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Home » 2009 » September » 11 » Zero-G Sounds of the 70s VSTi DXi RTAS AU DVDR-AI
Zero-G Sounds of the 70s VSTi DXi RTAS AU DVDR-AI
23:05:38

Zero-G Sounds of the 70s VSTi DXi RTAS AU DVDR-AI



Unique virtual sound module powered by the Native Instruments Intakt interface, featuring a huge and uniquely inspiring sound library, which captures the True essence of the 1970s.

This Virtual Sound Module is the ultimate Seventies production tool for 21st century groovers! It delivers the undiluted heart of soul, disco, funk, and punk: recreated, sampled, and reborn. The great golden age of the dancefloor recreated! Step back in time to the disco explosion, with the Sounds of the 70s Virtual Sounds Module.

What do the 70s mean to you? Glitterballs, strobe lights, dry ice, mirrors, roller discos, the World Disco Dancing Championships, the hustle, the bump, the freak, cocktails, platform boots, flares, bell bottoms, tank tops, velvet suits, spandex, hot pants, medallions on hairy chests, afros & perms, John Travolta & 'Saturday Night Fever', Little Michael & The Jacksons, James Brown, disco divas, boogie. This was the great era, when the 12 inch, the remix and the DJ were born, the genesis of beat mixing. The horns, the strings, the raw disco power! Now the musical essence and irresistible dancefloor vibes of this great era can live on even more strongly in the music of today with a new generation, thanks to Sounds of the 70s, this stunning production tool featuring construction kits, grooves, hits and instruments, written and produced by Mike Wilkie and Matthew Corbett for Zero-G. All the rhythm material has further been lovingly sliced and diced to form an awesomely flexible production powerhouse based on the Native Instruments Intakt plug-in engine.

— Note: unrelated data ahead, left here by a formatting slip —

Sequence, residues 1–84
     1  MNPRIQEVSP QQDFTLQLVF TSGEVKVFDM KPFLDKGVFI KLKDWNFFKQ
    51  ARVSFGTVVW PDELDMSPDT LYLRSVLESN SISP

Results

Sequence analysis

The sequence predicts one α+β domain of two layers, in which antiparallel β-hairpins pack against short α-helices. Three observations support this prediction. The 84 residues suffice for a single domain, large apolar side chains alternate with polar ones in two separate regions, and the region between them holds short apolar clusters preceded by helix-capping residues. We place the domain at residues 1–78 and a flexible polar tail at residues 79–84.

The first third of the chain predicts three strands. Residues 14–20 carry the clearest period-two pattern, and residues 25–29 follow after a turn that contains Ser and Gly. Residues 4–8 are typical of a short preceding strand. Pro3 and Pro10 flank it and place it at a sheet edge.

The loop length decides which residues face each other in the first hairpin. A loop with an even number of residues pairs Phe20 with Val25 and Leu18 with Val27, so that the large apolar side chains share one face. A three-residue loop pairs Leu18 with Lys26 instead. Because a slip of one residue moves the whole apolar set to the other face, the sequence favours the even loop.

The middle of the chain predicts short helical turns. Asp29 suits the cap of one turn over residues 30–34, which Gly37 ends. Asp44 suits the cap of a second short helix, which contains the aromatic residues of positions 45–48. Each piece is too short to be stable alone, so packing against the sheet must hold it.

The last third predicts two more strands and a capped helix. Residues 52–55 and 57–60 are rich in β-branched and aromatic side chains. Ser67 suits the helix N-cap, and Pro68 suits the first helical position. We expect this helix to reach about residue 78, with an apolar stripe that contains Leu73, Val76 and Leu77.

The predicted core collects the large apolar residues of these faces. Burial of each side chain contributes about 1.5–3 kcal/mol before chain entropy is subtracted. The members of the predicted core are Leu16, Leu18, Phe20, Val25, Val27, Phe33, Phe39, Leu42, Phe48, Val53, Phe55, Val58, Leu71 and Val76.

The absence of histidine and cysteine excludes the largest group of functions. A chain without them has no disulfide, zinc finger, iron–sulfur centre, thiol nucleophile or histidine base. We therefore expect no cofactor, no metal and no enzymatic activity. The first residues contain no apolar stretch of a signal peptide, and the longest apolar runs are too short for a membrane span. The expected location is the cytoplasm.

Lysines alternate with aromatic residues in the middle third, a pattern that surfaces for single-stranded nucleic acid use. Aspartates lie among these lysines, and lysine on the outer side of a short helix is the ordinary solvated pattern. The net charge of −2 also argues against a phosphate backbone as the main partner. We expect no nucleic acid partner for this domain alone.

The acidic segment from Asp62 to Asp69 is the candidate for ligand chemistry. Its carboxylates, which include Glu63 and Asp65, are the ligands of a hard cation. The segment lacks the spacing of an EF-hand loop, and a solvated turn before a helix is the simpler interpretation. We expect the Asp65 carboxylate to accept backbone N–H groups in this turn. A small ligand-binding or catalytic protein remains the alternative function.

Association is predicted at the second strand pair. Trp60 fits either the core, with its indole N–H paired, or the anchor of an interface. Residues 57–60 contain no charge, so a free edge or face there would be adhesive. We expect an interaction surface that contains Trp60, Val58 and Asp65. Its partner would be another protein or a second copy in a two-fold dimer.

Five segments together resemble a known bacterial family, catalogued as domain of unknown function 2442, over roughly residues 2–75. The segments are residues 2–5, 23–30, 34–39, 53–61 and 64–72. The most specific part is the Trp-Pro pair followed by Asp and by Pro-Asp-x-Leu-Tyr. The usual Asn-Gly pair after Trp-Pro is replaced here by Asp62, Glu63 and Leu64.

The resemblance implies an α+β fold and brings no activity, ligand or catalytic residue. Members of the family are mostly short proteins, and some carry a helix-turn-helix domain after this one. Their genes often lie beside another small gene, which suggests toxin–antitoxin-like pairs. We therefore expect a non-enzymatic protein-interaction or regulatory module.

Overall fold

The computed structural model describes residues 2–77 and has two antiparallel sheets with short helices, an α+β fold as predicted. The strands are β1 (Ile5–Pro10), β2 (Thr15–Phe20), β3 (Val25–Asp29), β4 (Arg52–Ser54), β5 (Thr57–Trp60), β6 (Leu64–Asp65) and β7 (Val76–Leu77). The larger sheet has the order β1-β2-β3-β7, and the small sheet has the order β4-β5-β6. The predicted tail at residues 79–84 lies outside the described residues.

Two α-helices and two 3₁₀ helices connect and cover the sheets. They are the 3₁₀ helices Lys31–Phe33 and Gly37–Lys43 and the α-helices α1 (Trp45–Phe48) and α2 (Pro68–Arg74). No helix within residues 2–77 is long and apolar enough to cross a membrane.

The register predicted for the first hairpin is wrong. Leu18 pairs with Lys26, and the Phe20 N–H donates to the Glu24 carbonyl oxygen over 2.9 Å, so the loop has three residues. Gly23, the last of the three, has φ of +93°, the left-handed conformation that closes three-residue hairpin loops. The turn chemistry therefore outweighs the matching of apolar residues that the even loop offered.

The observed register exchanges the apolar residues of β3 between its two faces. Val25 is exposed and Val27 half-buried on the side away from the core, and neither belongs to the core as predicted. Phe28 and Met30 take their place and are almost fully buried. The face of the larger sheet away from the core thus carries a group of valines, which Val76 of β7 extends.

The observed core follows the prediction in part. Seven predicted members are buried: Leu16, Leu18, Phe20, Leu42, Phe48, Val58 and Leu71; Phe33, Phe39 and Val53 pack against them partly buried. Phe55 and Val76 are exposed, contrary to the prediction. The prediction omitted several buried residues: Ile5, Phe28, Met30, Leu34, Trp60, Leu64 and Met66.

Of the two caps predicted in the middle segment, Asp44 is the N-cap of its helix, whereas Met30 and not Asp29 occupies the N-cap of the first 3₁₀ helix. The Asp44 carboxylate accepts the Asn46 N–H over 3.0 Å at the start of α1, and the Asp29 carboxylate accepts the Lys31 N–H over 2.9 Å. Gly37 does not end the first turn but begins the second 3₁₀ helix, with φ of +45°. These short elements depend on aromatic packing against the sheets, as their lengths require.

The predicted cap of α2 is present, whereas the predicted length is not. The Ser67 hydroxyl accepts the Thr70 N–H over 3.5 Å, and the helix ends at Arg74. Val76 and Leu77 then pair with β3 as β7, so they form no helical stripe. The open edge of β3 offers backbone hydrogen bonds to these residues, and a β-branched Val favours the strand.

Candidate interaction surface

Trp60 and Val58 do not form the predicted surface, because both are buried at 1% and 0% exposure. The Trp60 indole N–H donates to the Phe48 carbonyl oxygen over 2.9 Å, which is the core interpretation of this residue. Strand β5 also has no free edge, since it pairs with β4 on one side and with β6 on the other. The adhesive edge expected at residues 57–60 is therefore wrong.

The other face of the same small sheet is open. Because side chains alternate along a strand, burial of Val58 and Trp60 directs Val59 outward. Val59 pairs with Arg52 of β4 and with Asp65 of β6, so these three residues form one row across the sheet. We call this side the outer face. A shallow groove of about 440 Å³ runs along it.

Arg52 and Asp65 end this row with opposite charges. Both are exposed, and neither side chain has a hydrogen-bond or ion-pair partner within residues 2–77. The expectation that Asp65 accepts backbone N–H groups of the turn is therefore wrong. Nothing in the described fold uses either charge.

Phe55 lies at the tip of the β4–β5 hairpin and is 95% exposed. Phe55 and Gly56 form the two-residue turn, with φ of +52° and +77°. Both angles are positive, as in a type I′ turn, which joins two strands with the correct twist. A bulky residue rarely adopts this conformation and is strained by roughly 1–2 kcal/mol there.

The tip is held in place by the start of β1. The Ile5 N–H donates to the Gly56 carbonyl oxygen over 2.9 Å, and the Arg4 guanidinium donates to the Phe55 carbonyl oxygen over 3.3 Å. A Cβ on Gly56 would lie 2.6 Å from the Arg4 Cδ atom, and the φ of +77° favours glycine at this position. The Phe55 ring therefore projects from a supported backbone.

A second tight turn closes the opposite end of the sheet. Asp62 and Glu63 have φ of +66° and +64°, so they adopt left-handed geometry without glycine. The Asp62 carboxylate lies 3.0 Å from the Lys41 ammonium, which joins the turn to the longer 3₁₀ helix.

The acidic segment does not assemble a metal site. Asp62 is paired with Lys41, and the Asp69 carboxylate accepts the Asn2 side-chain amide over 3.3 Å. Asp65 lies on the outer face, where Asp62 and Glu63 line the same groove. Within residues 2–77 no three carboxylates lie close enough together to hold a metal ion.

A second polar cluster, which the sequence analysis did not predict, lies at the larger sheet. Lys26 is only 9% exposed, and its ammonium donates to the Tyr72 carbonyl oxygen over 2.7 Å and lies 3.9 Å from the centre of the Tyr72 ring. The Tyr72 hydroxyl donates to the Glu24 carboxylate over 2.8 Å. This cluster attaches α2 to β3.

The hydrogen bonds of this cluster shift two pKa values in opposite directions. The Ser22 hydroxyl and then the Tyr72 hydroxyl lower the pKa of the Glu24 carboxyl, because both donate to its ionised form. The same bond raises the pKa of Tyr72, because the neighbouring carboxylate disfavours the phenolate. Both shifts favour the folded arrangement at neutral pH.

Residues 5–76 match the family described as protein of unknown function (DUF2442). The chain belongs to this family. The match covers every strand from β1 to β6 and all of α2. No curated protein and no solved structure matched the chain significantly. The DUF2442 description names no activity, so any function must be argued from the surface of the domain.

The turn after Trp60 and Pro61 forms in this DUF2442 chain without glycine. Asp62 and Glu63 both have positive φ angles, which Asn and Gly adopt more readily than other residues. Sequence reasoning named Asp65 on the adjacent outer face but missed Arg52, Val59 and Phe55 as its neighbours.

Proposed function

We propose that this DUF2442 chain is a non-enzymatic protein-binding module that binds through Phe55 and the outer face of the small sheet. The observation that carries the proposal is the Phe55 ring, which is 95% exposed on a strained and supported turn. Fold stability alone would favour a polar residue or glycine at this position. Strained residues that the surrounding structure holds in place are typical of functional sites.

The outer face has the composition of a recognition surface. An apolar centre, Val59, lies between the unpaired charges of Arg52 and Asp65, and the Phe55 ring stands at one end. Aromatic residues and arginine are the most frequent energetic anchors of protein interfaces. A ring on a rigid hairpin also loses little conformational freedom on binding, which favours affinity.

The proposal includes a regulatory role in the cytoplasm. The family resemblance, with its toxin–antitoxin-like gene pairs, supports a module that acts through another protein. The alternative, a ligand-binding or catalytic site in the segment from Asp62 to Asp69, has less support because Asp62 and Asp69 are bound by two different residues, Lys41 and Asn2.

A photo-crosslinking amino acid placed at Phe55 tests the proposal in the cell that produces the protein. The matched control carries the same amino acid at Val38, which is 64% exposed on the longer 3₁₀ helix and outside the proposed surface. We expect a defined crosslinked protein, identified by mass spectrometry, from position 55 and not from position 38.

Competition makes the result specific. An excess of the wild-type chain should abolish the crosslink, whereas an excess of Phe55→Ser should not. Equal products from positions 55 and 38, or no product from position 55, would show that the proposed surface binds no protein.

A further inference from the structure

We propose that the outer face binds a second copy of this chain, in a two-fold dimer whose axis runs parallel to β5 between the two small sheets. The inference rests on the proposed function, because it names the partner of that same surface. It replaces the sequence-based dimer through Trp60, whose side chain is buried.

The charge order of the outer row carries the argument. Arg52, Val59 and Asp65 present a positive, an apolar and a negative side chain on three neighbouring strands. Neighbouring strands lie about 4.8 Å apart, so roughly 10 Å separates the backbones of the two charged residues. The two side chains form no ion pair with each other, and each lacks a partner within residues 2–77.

The awesome flexibility of the custom high-performance Native Instruments interface will soon have you customizing, shaping and manipulating the 70s vibes to suit your own requirements. In the rhythm department of this monster library, there are many hundreds of loops and all are presented either in sliced format (via the NI INTAKT Beat Machine) or via the Time Machine, so they will automatically sync to your songs, and you can apply sound-shaping to each slice if you wish!

An introduction by the creators, Mike Wilkie and Matthew Corbett

"What makes funky music sound as if it genuinely came from the spaced out 70's? We listened endlessly to crackly vinyl in the studio, listened to those who've tried to recreate the flavour since, picked up our instruments and threw the rule books away. First though, to faithfully recreate the sounds of the seventies we equipped ourselves with two pairs of loon pants (purple and mauve), brown glitter encrusted platform boots with 5 inch heels, cheese cloth shirts and genuine Afghans. We also had an Afro hairdo, and then, and only then, did we feel ready to proceed on our sonic journey!

Recording technology circa 1973 was of course rudimentary by today’s standards and the attention to precision playing was much more ‘relaxed’. The music flowed through an attitude rather than a set of criteria. The timing was most definitely out but the vibe was definitely in. Check out some really old vinyl, listen to the players, there are gaps big enough to park lorries in but somehow it’s all part of a brilliant sound picture.